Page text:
By: Ellen Sullivan
An electronic medical record (EMR) is a digital version of a paper chart that contains all of a patient’s medical history from one practice. An EMR is mostly used by providers for diagnosis and treatment. Instead of relying on paper charts, the EMR allows providers to easily store data, track it over time, identify when patients should be contacted for services and to be able to measure indicators used to monitor health. An EMR is typically used in a provider office and is basically a computerized version of the hard copy record.
There are standards for documenting in the medical record. The main concern, or the chief complaint or why the patient is a key part of the medical history. Other information includes a family medical history. Immunizations are also recorded. Documentation of the physical examination and details of the physician’s findings, particularly as related to the complaint and any other observations. Vital signs such as pulse, breathing rate, temperature, and blood pressure are recorded. A diagnosis and assessment as related to the chief complaint will be documented, followed by a treatment plan or plan of care. This plan of care addresses how to manage the condition along with the appropriate medications, lab tests, or other interventions. Discharge notes, follow-up care, referrals to specialists and test results are also documented.
There are benefits to the EMR which include:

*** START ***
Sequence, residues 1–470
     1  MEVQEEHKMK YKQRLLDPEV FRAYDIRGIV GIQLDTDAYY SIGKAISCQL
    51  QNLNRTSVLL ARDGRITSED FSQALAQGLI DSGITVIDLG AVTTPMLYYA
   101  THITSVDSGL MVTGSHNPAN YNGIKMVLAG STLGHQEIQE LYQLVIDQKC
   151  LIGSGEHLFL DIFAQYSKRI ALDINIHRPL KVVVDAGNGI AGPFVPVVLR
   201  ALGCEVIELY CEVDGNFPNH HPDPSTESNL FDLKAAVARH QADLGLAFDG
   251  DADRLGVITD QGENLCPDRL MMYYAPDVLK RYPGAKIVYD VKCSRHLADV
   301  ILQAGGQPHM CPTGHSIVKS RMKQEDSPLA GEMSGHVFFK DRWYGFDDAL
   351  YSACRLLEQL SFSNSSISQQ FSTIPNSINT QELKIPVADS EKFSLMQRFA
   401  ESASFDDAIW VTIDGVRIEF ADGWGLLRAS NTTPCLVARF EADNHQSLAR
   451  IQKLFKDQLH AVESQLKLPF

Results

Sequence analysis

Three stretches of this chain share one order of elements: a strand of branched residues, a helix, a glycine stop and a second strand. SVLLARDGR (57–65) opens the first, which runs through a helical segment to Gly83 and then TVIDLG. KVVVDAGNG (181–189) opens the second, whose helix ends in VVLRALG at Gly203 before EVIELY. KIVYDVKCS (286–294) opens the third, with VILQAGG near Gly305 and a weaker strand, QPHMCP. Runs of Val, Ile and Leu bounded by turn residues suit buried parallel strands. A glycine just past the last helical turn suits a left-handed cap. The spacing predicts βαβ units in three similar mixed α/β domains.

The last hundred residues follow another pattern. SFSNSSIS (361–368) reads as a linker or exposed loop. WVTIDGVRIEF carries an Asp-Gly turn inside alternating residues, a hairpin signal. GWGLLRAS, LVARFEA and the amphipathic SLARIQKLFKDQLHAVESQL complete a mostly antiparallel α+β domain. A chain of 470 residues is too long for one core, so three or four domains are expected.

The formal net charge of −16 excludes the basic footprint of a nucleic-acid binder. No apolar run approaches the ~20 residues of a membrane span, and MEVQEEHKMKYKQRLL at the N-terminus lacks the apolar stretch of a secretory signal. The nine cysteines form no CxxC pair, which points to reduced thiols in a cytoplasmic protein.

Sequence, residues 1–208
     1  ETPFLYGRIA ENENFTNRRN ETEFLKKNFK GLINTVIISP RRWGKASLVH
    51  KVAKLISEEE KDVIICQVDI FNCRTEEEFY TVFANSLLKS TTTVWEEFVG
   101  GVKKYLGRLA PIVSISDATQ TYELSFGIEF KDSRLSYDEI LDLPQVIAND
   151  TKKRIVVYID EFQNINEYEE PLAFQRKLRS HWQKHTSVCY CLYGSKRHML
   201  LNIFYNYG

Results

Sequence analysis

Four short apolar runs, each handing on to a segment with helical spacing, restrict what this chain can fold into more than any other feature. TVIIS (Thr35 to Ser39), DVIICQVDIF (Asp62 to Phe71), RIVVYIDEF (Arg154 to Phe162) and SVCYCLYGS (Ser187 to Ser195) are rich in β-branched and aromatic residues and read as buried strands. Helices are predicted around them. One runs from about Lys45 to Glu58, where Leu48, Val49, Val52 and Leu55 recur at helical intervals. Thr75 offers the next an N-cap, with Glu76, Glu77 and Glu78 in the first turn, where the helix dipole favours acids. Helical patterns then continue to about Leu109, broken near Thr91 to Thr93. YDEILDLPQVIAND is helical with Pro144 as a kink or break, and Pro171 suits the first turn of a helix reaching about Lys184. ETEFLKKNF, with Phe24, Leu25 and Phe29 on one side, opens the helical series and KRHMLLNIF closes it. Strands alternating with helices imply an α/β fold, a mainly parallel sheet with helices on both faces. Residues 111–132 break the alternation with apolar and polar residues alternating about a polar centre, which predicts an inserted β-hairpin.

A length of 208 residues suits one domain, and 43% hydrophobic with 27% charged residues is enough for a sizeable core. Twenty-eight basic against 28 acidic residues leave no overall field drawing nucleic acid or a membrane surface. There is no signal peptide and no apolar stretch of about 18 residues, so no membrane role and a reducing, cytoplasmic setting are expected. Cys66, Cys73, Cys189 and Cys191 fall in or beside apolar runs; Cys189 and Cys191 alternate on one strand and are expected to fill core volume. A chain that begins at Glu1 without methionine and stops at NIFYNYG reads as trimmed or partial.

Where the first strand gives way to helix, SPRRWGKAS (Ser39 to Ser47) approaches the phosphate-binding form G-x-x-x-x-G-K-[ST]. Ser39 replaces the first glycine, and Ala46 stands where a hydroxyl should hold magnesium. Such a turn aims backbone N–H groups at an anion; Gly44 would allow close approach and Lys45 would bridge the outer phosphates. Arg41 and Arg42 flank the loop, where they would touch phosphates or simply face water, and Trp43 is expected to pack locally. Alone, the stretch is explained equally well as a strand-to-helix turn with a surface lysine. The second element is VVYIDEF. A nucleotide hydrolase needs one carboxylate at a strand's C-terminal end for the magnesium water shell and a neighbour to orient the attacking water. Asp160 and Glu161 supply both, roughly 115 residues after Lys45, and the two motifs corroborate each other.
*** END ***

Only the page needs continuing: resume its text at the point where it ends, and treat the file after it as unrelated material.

Information is readily available to providers. It can also be shared via a secure portal to another provider when needed. Examples of how this can help includes transfer to an emergency room or if information is being to sent to another physician for follow up care.
- The chances of errors in medication and treatments reduced especially reducing errors due to poor handwriting.
- They are easily stored and not susceptible to damage from fire, flood or other calamities.
- Records can be easily reviewed with alerts set up to ensure that important information is not overlooked that may impact patient care. This is important from a patient safety perspective.
Electronic health records (EHR) are designed to contain and share information from all providers involved in the care of a patient. EHR data can be created, managed and consulted by authorized providers and staff. It also allows patients to take their health record with them and it can be shared with other health care providers, specialists, hospitals, outpatient or ancillary providers.
Most patients want to know if their records are safe and if they are kept private. In 1996, Congress passed the Health Insurance Portability and Accountability Act known as HIPAA, in order to help protect personal health information, including medical records. This law gave patients more control over their health information, set limits on the use and release of their medical records, and established a series of privacy standards for health care providers which provides penalties for those who do not follow these EMR safety and EHR security standards.
Here is a link to an article that further discusses this topic http://www.healthit.gov/buzz-blog/electronic-health-and-medical-records/emr-vs-ehr-difference/